Better Transit

PROBLEM: Decades of neglect and underfunding below inflation stretched by massive growth in suburban sprawl and significant population growth have left us with an unacceptable public transit system that fails riders. Drivers lack feasible choices and traffic jams won’t be solved with more roads.

SOLUTION: Edmonton will always have cars, but we can dramatically reduce the number of two car families. Urgent investments to improve frequency, reliability, safety and rider comfort must be prioritized such as Bus Rapid Transit, improved local connector service, and safety improvements

Thanks to @LeadingMobility for Sharing this fantastic slide.

 

Edmonton, and Alberta are not alone in struggling to improve public transit. Here's a few highlights from the Keep Transit Moving Coalition in Ontario: 

Permanent Operational Funding to Expand Transit Service & Provide Universally Affordable Fares

Since the beginning of the pandemic, public transit agencies have been severely impacted by reduction in ridership and loss of revenue. 

Throughout this pandemic, it has become clear that transit systems should not continue to rely on transit fares for stable funding. Without help from all governments, public transit agencies are heading towards severe cuts.

Permanent operational support for transit systems to expand frequent service and offer universally affordable fares will allow public transit systems to avoid the transit death spiral in which agencies, lacking revenue, cut their budget, resulting in less service and higher fares, which further reduces ridership and revenue — prompting more cuts. 

We need to expand the service that’s provided to ensure more frequent, more reliable public transit service within and between communities across the province, and ensure enough staff to operate and maintain the increased number of vehicles needed to provide this service.

To avoid this catastrophic scenario of severe cuts and continue to have robust transit in a post-COVID recovery, the government should:

  1. Provide sufficient ongoing operations funding so transit agencies can boost service levels and offer universally affordable transit while also recovering from financial losses incurred during the pandemic, including service expansion for paratransit.

  2. Establish a provincial framework for transit operating funding that is stable, reliable and permanent. 

  3. Redirect funds currently allocated for new highways, highway expansions, and fossil fuel projects toward an genuinely climate friendly system of well funded, reliable, and accessible public transit.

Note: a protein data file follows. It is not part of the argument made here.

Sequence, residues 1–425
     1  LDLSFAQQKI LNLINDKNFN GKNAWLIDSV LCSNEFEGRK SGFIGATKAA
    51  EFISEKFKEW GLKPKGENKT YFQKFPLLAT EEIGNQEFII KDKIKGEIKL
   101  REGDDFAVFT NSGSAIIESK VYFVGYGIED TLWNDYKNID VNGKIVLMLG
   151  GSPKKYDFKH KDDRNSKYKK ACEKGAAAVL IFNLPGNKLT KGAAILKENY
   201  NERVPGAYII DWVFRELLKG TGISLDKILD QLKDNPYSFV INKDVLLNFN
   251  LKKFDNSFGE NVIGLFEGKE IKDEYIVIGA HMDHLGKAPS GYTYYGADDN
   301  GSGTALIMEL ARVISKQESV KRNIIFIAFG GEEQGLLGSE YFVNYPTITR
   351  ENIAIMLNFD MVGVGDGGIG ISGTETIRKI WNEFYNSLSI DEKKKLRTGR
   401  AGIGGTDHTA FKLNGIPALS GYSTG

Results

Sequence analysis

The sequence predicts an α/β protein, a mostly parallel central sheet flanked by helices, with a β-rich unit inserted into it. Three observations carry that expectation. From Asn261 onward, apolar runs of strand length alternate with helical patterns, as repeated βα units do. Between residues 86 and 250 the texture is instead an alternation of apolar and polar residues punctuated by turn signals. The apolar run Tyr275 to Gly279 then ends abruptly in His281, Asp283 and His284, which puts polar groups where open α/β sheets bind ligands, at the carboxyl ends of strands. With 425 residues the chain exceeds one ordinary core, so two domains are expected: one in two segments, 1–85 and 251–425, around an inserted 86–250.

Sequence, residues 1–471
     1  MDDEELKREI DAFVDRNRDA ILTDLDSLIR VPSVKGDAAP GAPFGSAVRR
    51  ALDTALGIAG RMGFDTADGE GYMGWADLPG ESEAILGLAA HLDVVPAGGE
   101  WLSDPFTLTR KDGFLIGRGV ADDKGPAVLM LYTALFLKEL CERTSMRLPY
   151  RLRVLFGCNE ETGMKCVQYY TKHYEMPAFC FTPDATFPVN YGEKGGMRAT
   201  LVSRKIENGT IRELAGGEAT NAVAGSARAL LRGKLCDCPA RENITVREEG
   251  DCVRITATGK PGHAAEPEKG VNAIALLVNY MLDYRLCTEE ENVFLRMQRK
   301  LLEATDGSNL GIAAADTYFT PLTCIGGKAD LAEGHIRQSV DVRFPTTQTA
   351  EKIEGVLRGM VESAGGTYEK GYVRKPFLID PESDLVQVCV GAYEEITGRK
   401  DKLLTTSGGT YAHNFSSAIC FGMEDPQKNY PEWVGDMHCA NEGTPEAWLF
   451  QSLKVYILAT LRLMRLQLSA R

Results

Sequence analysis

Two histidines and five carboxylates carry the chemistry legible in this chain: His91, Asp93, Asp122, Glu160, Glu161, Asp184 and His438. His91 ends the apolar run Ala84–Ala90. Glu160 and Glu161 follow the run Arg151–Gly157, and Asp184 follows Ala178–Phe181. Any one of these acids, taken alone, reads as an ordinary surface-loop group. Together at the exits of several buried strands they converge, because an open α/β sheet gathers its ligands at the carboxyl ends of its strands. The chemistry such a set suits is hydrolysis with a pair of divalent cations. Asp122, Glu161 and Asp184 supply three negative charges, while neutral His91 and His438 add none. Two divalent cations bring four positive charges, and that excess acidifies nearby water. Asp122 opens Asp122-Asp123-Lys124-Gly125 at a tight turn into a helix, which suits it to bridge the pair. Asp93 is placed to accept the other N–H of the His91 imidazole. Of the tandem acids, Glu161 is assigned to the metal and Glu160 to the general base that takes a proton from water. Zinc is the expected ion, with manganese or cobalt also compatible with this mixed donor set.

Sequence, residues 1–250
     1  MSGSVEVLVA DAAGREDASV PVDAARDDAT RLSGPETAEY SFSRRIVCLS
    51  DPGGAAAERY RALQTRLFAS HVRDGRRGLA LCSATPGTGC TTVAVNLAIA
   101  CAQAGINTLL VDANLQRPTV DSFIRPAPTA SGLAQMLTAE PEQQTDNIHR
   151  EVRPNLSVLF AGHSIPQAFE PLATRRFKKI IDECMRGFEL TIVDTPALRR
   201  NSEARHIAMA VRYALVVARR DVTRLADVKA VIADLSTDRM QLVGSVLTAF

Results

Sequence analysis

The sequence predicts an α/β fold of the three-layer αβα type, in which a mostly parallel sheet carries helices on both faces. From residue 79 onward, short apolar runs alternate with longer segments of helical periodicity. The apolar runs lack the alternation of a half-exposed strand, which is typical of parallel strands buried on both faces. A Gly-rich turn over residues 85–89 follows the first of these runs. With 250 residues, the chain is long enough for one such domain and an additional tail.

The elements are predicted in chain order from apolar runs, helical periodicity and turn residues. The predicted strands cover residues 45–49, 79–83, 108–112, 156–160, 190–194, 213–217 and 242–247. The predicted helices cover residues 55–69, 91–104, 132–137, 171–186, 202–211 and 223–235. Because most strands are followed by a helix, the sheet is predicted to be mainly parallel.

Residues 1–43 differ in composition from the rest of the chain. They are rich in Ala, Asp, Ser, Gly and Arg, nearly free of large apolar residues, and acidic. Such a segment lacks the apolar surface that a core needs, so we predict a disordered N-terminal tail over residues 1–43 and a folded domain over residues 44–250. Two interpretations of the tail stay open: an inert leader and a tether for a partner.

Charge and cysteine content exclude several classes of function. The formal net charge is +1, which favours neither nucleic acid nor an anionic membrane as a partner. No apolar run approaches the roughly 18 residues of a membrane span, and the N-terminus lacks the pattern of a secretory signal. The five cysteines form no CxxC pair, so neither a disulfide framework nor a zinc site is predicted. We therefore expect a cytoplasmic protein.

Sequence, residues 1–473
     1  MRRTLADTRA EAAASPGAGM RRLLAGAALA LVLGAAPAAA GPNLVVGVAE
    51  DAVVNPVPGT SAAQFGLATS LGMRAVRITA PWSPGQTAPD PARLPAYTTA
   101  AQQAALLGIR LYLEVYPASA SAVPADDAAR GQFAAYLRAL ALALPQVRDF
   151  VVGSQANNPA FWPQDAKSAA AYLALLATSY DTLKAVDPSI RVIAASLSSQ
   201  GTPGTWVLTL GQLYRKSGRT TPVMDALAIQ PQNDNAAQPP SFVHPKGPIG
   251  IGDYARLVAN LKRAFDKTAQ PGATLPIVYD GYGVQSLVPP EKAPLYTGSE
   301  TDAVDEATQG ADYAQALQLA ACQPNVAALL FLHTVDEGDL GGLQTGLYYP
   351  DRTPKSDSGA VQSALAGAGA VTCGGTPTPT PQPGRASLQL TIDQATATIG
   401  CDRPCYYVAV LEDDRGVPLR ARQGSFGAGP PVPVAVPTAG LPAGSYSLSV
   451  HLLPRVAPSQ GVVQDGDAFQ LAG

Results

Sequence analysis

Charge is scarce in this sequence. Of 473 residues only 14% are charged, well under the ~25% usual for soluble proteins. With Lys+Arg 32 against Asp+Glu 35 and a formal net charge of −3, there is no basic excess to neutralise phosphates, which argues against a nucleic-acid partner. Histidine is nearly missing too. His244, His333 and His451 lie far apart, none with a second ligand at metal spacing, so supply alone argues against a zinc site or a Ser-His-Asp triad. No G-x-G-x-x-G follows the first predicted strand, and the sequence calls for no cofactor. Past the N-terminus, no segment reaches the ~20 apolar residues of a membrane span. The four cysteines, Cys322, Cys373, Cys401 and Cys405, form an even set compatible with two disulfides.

Leadership and Accountability on Social Justice, Public Health, and Climate Crisis Impacts

We need more public transit and fewer highways.

Public transit is a vital tool to promote our shared goals for social inclusion, public health, the climate emergency, and economic opportunity. Well-designed, affordable public transit can help build healthy, equitable, more sustainable, and accessible communities. Transit should be frequent, reliable and fast — bus lanes, bus rapid transit, and transit signal priority can radically  increase the efficiency and usefulness of transit.

The Medical Officers of Health in the Greater Toronto and Hamilton Area (GTHA) estimated, for example, that investments in public transit alone could produce $2.1 billion per year in health-related benefits in the GTHA by reducing air pollution and increasing physical activity. 

Public transit also produces fewer climate emissions per passenger-mile, particularly if transit uses zero emission vehicles. In addition, public transit reduces health inequities among under-served  populations by increasing access to jobs, schools, essential services and recreational opportunities.

Ontario’s transportation system should be designed and operated to provide everyone — regardless of age, income, race, or level of mobility — with safe and viable choices, whether or not they own a car. It should ensure that people in low-income neighborhoods and racialized and Indigenous communities have opportunities to fully participate in local and regional economies. 

Transportation spending must be:

  1. Assessed through an equity lens to ensure that it is providing exclusively sustainable mobility options to everyone in Ontario. Shift spending away from highway expansion to public transit, particularly bus lanes and bus rapid transit.

  2. Coordinated through a coherent provincial vision for public health benefits, climate impacts, sustainability, mobility and social inclusion. For example, funding could include strict conditions for requiring the provision of affordable housing close to public transit services and ensuring that low-income neighbourhoods receive greater levels of service commensurate with their needs.

  3. Prioritized to mitigate the impact of the climate crisis by making low or zero carbon public transit (that is integrated with active modes of transportation) the primary means of transportation and shifting away from urban highway and airport expansion.

 

Intercity and Highway Bus Service Plan

In May 2021, Greyhound Canada announced that it would be canceling its services permanently, leaving people across Ontario without intercity bus services and more than 300 transit workers across Canada without jobs.

Rural and Indigenous communities have been and are chronically underserviced by public transit, creating transit deserts in which individuals are unable to travel safely to neighbouring communities for work, medical appointments, or leisure. This decision forces people across Ontario who are going from one city to another to commute by car, hitchhike or use unregulated ridesharing.